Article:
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Should Cities Install Moving Sidewalks? 698

Posted by timothy
from the that-and-bicycle-elevators dept.
theodp writes "The real problem nowadays is how to move crowds,' said the manager of the failed Trottoir Roulant Rapide high-speed (9 km/h) people mover project. 'They can travel fast over long distances with the TGV (high-speed train) or airplanes, but not over short distances (under 1 km).' Slate's Tom Vanderbilt explores whether moving walkways might be viable for urban transportation. The first moving sidewalks were unveiled at Chicago's 1893 Columbian Exposition, and at one point seemed destined to supplant some subways, but never took root in cities for a variety of reasons. Vanderbilt turns to science fiction for inspiration, where 30 mph walkways put today's tortoise-like speed ranges of .5-.83 m/s to shame. In the meantime, Jerry Seinfeld will just have to learn to live with 'the people who get onto the moving walkway and just stand there. Like it's a ride.'"

"Argonaut" Octopus Sucks Air Into Shell As Ballast 72

Posted by timothy
from the 8-legs-good dept.
audiovideodisco writes "Even among octopuses, the Argonaut must be one of the coolest. It gets its nickname — 'paper nautilus' — from the fragile shell the female assembles around herself after mating with the tiny male (whose tentacle/penis breaks off and remains in the female). For millennia, people have wondered what the shell was for; Aristotle thought the octopus used it as a boat and its tentacles as oars and sails. Now scientists who managed to study Argonauts in the wild confirm a different hypothesis: that the octopus sucks air into its shell and uses it for ballast as it weaves its way through the ocean like a tiny submarine. The researchers' beautiful video and photographs show just how the Argonaut pulls off this trick. The regular (non-paper) nautilus also uses its shell for ballast, but the distant relationship between it and all octopuses suggests this is a case of convergent evolution."

+ - Make your own open source retro arcade syle clock->

Submitted by
ptorrone writes "Hardware hacker "Ladyada" has released an open source retro arcade style table tennis for two clock called the MONOCHRON. According to MONCHRON project page they "wanted to make a clock that was ultra-hackable, from adding a separate battery-backed RTC to designing the enclosure so you could program the clock once its assembled." It includes a ATmega328 processor (with'Arduino' stk500 bootloader for easy hacking). It's completely open source hardware, all firmware, layout and CAD files are yours to mess with."
Link to Original Source

Is RCA's Airnergy Snake Oil? 271

Posted by kdawson
from the deepness-in-the-sky dept.
Ben Newman writes "Of all the tech that's come out of CES this week, nothing has gotten the blogosphere more excited then the RCA Airnergy. A lot of people love the thought of an ever-recharging cell phone, and the Airnergy promises to constantly charge its internal battery through 2.4GHz wireless signals. Neat idea, but as some commenters have pointed out the energy just isn't there to make this work — BOTECs for a full charge range from 100 days to 32 years. Plus, don't let the RCA brand fool you into thinking this must be from a legitimate company: RCA hasn't existed as anything more then a licensed brand name for a couple of decades. So what do Slashdotters think — real deal or 21st century hokum?"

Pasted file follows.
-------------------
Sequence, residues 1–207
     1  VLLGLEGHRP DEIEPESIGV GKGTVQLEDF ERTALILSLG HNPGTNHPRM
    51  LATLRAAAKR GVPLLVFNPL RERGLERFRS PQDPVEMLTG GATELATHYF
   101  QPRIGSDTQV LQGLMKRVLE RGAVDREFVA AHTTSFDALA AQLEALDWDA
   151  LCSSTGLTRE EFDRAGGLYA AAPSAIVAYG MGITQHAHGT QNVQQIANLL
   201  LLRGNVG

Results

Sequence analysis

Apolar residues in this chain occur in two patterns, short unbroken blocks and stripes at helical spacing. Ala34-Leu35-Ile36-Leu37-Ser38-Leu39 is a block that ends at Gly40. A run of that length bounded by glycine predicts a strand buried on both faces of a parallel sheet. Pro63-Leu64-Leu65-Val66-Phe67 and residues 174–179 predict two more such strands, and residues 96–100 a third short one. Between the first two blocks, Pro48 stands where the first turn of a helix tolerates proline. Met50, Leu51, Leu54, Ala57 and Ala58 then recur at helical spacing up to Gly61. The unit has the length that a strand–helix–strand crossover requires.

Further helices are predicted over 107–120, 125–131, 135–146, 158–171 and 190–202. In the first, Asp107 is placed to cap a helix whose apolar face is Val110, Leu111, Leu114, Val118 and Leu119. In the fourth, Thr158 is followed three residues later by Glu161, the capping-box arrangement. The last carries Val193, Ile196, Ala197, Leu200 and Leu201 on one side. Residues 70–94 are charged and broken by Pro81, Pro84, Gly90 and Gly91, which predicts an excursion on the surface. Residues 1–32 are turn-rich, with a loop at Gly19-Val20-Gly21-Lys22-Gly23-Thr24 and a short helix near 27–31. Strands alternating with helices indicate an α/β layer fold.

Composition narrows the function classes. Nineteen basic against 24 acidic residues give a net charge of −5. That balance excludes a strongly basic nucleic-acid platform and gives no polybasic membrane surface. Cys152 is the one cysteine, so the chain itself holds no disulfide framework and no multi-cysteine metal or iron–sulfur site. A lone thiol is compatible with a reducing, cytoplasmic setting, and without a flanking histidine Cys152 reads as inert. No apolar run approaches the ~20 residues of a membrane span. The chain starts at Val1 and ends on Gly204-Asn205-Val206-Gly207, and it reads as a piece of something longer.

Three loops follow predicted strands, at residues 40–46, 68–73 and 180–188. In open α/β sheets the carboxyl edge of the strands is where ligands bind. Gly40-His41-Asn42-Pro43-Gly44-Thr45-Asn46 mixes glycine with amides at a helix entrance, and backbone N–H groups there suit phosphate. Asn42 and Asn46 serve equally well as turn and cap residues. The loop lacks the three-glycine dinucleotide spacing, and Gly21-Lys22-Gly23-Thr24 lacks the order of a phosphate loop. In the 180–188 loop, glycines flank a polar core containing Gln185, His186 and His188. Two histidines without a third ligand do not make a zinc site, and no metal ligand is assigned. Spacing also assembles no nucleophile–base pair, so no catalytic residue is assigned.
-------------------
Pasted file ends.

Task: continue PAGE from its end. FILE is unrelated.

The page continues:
Comment: Re:Virtualization (Score 2, Informative) 328

by AdmiralXyz (#29879555) Attached to: Psystar's Rebel EFI Hackintosh Tool Reviewed, Found Wanting
Don't count on it. The problem with virtualization is that it requires the virtualized OS to be as cooperative to the whole affair as possible, since it needs to be fooled into thinking it has unfettered access to the system, which in many ways is much harder than just getting the OS to run natively on the hardware. Windows and Linux are becoming more virtualization-friendly every day since their developers have realized that their operating systems are being virtualized on a regular basis, but since there is no Apple-approved way to virtualize OS X, it would be a fairly trivial matter for them to make it as unfriendly to virtualize as possible. If that doesn't sound like such a big deal, consider how many strange bugs there are in VMs where the virtualized operating system is TRYING to make it as easier on the VM.

Is Apple doing this at the moment? Probably not. Would they if they saw OS X virtualization becoming widespread against their will? Of course no one can say for sure, but I don't think anyone would put it past them either.

Comment: Re:Hardware hacker extraordinares?? (Score 2, Funny) 282

by ladyada (#29583789) Attached to: Hardware Hackers Create a Cheaper Bedazzler
Wow you are really paranoid! Adam helped me pick out the best amplifier and looked over the RF gain stage layout to make sure it was nice and clean, since he did this for a living. Sure I could have done everything without any extra eyes but then the jammer might not have been as effective and that would be so sad :~( If you check back, next week, I'll have project on how to build your own 4 layer boards with popsicle sticks and glitter!

Comment: Re:It's probably not bright enough. (Score 5, Informative) 282

by ladyada (#29582039) Attached to: Hardware Hackers Create a Cheaper Bedazzler
Don't worry, its plenty bright! Its bigger only because it has more LEDs, and nice 6 degree lenses. If you RTFA you'll see we suggest going with green LEDs for best effectiveness but this has an RGB rave mode for going to parties. That way we can take it out to raves! Also, please note that LEDs are not driven "continuous current" not sure where you got that from

Science is to computer science as hydrodynamics is to plumbing.